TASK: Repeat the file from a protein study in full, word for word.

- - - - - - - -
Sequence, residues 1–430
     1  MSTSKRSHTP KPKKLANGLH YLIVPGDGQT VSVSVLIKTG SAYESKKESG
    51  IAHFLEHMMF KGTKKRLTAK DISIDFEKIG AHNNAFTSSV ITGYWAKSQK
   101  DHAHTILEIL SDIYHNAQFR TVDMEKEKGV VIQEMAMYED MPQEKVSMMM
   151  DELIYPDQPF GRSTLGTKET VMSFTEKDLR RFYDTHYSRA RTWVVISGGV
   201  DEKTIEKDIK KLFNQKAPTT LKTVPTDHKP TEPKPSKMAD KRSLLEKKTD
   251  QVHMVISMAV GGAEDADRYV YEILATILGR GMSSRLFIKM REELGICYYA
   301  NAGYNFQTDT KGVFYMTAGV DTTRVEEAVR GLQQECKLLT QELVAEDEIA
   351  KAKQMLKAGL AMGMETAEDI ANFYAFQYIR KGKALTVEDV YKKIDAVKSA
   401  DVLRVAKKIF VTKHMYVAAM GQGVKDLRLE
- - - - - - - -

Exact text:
Sequence, residues 1–430
     1  MSTSKRSHTP KPKKLANGLH YLIVPGDGQT VSVSVLIKTG SAYESKKESG
    51  IAHFLEHMMF KGTKKRLTAK DISIDFEKIG AHNNAFTSSV ITGYWAKSQK
   101  DHAHTILEIL SDIYHNAQFR TVDMEKEKGV VIQEMAMYED MPQEKVSMMM
   151  DELIYPDQPF GRSTLGTKET VMSFTEKDLR RFYDTHYSRA RTWVVISGGV
   201  DEKTIEKDIK KLFNQKAPTT LKTVPTDHKP TEPKPSKMAD KRSLLEKKTD
   251  QVHMVISMAV GGAEDADRYV YEILATILGR GMSSRLFIKM REELGICYYA
   301  NAGYNFQTDT KGVFYMTAGV DTTRVEEAVR GLQQECKLLT QELVAEDEIA
   351  KAKQMLKAGL AMGMETAEDI ANFYAFQYIR KGKALTVEDV YKKIDAVKSA
   401  DVLRVAKKIF VTKHMYVAAM GQGVKDLRLE